Perhaps Chamisa does not need a VP at the moment.
If you look at the way Chamisa has risen to power, you have to give it to him that he has turned this whole thing for his benefit. If everything that has happened is part of a choreographed script, then I would posture that it is not in the interest of Chamisa to appoint a VP at the moment.
Chamisa sidelined Thokozani Khupe, and although the matter of the Presidency of the MDC was still contested, he used his political Machiavellian skills to get the MDC Council to endorse him as President and then deployed his organizational skills to hit the ground and sell himself to the MDC membership as the President. Whether Khupe wins the legal battle for the party, she has lost the political battle. You can see Chamisa already conceding to the legal battle of the party and is now abandoning it saying MDC-T is a thing of the past. No one takes him to task for saying so
The interest Chamisa has in consolidating his own power base within the MDC membership would not be helped by appointing a VP, and therefore anointing a contending power source. He is riding on a wave, and it would not be prudent to share the limelight with anyone now.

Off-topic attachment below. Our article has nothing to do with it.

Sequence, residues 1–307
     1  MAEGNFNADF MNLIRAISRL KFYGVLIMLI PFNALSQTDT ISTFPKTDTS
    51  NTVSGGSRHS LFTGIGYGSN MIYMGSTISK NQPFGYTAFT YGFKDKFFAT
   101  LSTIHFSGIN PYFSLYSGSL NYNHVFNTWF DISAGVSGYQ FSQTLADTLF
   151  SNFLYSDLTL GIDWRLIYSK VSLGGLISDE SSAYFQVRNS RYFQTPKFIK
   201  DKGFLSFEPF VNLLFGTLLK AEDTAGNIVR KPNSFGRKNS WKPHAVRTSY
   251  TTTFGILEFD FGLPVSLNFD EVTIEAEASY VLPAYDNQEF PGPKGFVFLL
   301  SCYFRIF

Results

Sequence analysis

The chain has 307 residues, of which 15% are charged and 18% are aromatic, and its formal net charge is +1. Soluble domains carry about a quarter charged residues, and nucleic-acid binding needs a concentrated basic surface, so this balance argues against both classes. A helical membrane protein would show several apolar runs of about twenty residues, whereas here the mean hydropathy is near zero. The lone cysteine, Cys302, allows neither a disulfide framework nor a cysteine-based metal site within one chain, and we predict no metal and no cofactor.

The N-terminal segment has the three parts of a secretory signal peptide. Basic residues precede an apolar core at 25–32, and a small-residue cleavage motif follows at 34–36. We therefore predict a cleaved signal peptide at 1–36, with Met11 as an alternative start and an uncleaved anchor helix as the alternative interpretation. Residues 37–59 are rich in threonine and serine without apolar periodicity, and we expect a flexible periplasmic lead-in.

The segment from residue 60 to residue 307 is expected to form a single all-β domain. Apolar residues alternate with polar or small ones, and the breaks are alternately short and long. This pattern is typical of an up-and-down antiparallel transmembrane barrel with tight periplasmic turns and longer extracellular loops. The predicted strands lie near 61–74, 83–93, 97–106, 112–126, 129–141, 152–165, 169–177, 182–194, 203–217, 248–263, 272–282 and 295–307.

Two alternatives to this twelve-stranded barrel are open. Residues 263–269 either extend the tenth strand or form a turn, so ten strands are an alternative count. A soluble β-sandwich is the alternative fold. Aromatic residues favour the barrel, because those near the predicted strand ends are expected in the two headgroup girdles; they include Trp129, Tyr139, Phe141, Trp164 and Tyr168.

I think that Chamisa is not looking at the elections but beyond them. If he wins the election, he can always claim that he won this on his own, and this will give him so much power to appoint and disappoint as he wishes. Much more than the power that the supporters of the democratic movement ever wished or hoped would reside in one man.
If however, Chamisa loses, then he will have created a strong power base for himself as the leading opposition party in Parliament.
What is good for us as citizens is to have a strong opposition, to keep the Government of the day in check. What is definitely bad, is to recreate another Mugabe in any shape or form, whether in Government or in the opposition.
We need to wake up and smell the coffee.
And By the way
What exactly is it that some people are aiming to achieve by bringing up personal issues involving people’s private lives into political battles/ I am speaking here about Justice Chigumba, whom I feel has been badly treated. As a woman, I find it very unsavoury for a whole man worthy his stature to take to twitter and think he is scoring political points by challenging people to admit something that if true, is private and personal. You may think you are pleasing many but you are not. You are making a fool of yourself.
My advice to my sister Justice Bae, do not fall into the temptation of dignifying rumours with a response. What we all do behind closed doors is none of anybody's business.
Further, when libel hits you, it does not come through Twitter.